London. Summer 2007
Cholo and I had just finished exploring a small part of the British Museum*.
We turned right on the main exit and just started walking. I was so amazed looking at the surrounding buildings! Red bricked town houses, well maintained apartment buildings since the early 1800’s. **
In a corner across the road, I saw a store pained in red, teeming with tourists. I asked Cholo if we can check it out.
We crossed the road.
It was a souvenir shop.
We made the rounds inside. Cholo didn’t pick up anything, I bought a number of pencils for posterity’s sake. As we exited we saw this quaint little street lined with small cafes and bookshops. We were at Museum Street.
“This is a nice street!” exclaims Cholo.
We walk a bit further and we choose a small cafe to satisfy the hunger in our bellies. It is a nice place to relax and to go people watching.
On a separate occasion, Cholo and I visited the British Museum a second time and found ourselves a quaint little coffee shop/camera museum by Museum Street.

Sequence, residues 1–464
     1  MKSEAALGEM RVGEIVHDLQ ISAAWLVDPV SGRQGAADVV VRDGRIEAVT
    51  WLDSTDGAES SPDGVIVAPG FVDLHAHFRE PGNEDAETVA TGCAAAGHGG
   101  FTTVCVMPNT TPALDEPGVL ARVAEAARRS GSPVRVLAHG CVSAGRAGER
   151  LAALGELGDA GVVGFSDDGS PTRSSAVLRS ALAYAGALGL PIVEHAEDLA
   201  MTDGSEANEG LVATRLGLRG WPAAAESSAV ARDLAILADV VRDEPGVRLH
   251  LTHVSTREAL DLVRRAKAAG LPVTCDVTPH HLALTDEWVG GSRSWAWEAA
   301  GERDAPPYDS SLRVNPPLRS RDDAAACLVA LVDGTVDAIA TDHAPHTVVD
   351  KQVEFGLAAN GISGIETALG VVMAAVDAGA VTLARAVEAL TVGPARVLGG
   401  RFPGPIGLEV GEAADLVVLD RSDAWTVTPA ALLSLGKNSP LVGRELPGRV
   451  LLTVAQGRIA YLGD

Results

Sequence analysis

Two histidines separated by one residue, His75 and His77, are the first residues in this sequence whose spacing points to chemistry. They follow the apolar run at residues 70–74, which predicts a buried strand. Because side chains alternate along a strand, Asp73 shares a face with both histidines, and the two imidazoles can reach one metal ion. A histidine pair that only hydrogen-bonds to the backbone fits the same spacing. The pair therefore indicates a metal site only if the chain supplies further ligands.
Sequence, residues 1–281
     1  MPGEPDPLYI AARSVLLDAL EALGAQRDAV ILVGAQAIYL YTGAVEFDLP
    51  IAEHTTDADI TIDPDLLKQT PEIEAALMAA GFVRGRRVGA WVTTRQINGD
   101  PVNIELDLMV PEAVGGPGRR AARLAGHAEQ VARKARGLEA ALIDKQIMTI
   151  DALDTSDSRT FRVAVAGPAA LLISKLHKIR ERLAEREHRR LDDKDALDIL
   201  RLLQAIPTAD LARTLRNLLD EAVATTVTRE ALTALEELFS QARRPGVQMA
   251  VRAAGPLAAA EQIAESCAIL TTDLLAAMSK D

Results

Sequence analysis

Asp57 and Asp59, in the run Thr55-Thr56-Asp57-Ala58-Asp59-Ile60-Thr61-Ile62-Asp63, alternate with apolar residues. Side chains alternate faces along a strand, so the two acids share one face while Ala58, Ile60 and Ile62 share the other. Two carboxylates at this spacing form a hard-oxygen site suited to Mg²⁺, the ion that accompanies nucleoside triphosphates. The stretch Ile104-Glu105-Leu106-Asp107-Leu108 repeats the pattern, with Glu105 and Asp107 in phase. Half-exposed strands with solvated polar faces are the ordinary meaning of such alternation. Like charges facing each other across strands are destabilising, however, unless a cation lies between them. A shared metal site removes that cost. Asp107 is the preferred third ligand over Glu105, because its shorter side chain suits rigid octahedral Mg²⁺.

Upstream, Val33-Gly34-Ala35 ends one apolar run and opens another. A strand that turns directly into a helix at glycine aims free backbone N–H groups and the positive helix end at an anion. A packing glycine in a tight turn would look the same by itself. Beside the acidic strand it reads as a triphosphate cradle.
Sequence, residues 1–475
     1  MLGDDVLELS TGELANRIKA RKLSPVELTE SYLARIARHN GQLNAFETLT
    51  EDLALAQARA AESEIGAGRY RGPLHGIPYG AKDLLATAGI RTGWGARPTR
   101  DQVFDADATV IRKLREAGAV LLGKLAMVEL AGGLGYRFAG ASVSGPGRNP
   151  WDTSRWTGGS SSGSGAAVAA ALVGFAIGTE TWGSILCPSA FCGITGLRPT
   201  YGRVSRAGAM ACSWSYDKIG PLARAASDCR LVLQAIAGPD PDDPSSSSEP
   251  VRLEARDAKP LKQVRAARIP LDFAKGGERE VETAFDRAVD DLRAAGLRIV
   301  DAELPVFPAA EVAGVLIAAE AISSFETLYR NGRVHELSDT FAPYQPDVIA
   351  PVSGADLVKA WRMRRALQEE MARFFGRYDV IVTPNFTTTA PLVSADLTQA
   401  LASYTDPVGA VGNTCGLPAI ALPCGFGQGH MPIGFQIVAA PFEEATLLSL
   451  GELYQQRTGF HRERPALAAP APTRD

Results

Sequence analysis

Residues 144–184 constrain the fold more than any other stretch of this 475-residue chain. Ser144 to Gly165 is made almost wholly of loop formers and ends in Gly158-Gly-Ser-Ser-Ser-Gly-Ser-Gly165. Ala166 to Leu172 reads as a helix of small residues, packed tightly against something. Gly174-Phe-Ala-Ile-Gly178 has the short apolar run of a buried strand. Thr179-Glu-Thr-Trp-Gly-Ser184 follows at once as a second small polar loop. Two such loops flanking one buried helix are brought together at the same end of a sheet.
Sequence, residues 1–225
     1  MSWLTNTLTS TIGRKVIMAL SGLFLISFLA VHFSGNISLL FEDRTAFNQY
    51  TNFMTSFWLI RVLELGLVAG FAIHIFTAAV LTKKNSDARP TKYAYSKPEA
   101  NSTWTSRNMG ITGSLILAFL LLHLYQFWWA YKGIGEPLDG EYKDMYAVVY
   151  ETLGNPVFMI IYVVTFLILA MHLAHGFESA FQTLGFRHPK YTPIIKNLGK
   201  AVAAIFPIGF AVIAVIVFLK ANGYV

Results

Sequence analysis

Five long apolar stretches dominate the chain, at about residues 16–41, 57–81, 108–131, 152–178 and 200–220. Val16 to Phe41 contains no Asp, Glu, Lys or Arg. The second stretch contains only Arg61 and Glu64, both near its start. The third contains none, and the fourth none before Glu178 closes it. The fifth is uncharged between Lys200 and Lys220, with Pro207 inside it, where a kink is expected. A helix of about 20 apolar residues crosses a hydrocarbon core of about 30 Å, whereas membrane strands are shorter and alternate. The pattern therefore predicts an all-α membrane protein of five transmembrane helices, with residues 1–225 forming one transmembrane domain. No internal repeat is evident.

It was called Camera Cafe.
It was an instant hit with Cholo.
We were greeted by a Japanese man( a cute Japanese man) who owns the cafe. I can’t remember if he’s an avid photographer or if he’s simply an avid collector of cameras. He told us that he inherited his initial collection from his father and since then he’s been collecting and selling.
When you enter, you will see different kinds of cameras for sale and for your viewing pleasure. Everything is about cameras from ceiling to floor.
Don’t be turned off though, even if you detest cameras, this cafe has a warm ambiance that makes you feel at home. It’s friendly atmosphere and laid back approach is a nice break from going around hectic London.
WiFi is free, but do order a cup of coffee or a sandwich as a gesture of good will.
for reviews about Camera Cafe, click here.
*Accessible via The Tube station of Tottenham Court Road on the Central and northern Line or via The Tube station Holborn on the Central and Piccadilly line.
Click here for more details about the London Tube.
**I have learned later on that most buildings in London are well preserved. You are not allowed to remodel the building or even drill holes to attach an antaena until you ask permission from the city first (subject to approval too!). You will notice too as you walk about, these buildings have markers on the very top of it that states what year it has been erected. Amazing.